However, the point being raised here is somewhat different. As we did not have extra gardaí, we had to divert members of the force from tasks they would otherwise have been doing. I was horrified at the starkness of the comments of the chairman of the National Safety Council when he bluntly stated that road deaths had increased as a result of our not having increased the number of gardaí available. That must strike very hard at those who lost members of their family through accidents.

What is the current position of the traffic corps in terms of numbers? What can be done in this area, even with extra gardaí? There will always be events such as the EU Presidency which make demands on manpower. What is proposed in terms of a substantial traffic corps to deal with the significant increase in the number of road traffic deaths and accidents?

Currently, 520 gardaí are attached to traffic units. That is a significant number.

Is it enough?

No, in my view it is not enough. As I understand it, the traffic unit works on two shifts. Therefore, at any given time one has to halve that number of 520 to 260 and then has to divide that by the number of counties involved.

We have 32 counties.

We do not have 32 counties yet. When one divides that number of personnel by each county borough and county one achieves a figure of roughly ten persons at any given stage available for traffic duties. If one sub-divides that into traffic control and surveillance duties and so on one will see that, in effect, only a small number of people are engaged in any particular aspect of the traffic corps' activities. We need to assign more gardaí to traffic duties.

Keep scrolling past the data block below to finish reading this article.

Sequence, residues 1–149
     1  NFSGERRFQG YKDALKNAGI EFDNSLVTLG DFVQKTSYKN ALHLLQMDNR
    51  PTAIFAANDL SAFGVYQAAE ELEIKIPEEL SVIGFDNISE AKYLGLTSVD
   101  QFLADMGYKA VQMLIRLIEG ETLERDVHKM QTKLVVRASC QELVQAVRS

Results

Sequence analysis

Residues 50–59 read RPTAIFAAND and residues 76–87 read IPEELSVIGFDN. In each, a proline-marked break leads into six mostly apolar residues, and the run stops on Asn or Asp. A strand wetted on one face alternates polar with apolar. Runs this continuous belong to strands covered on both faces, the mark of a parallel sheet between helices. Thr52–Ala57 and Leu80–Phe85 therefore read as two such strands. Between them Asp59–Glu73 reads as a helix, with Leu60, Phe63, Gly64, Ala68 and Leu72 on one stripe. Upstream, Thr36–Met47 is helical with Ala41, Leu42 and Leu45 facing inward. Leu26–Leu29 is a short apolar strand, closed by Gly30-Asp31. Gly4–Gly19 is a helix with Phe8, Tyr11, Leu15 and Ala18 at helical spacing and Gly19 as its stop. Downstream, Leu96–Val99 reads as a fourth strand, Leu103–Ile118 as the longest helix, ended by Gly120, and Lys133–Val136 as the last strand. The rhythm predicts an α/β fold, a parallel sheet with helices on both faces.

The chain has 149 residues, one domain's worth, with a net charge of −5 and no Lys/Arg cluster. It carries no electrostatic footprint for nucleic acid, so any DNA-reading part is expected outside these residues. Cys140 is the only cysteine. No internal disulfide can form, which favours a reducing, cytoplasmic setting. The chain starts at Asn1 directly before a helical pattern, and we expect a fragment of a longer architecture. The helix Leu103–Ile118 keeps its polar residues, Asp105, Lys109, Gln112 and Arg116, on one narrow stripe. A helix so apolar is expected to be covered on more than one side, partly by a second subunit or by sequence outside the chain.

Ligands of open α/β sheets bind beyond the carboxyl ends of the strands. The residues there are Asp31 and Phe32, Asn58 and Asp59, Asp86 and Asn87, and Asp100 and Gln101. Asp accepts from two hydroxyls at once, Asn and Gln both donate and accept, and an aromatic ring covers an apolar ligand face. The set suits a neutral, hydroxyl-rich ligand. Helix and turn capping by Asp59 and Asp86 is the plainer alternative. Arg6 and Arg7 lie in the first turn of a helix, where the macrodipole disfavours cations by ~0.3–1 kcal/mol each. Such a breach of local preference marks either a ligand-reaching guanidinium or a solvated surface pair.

I accept the Deputy's point, stark as it may be, that it is a matter of life and death. It is not simply a matter of policy choice. There are consequences, not merely regarding the traffic corps but in general policing, in terms of whether one does or does not have enough gardaí. Whether one has enough gardaí is a matter of serious consequence and not one on which economists can chew the fat in Doheny and Nesbitt's. It is a matter of life and death and of preventing terrible tragedy for many people.

Does the disappointment and shame of the matter not lie in the fact that having altered Irish behaviour on the roads by the introduction of penalty points, we have reverted to type because there has not been proper policing? Is this not because the extra gardaí who were promised have not been recruited and because of the failure to establish a transport and traffic corps?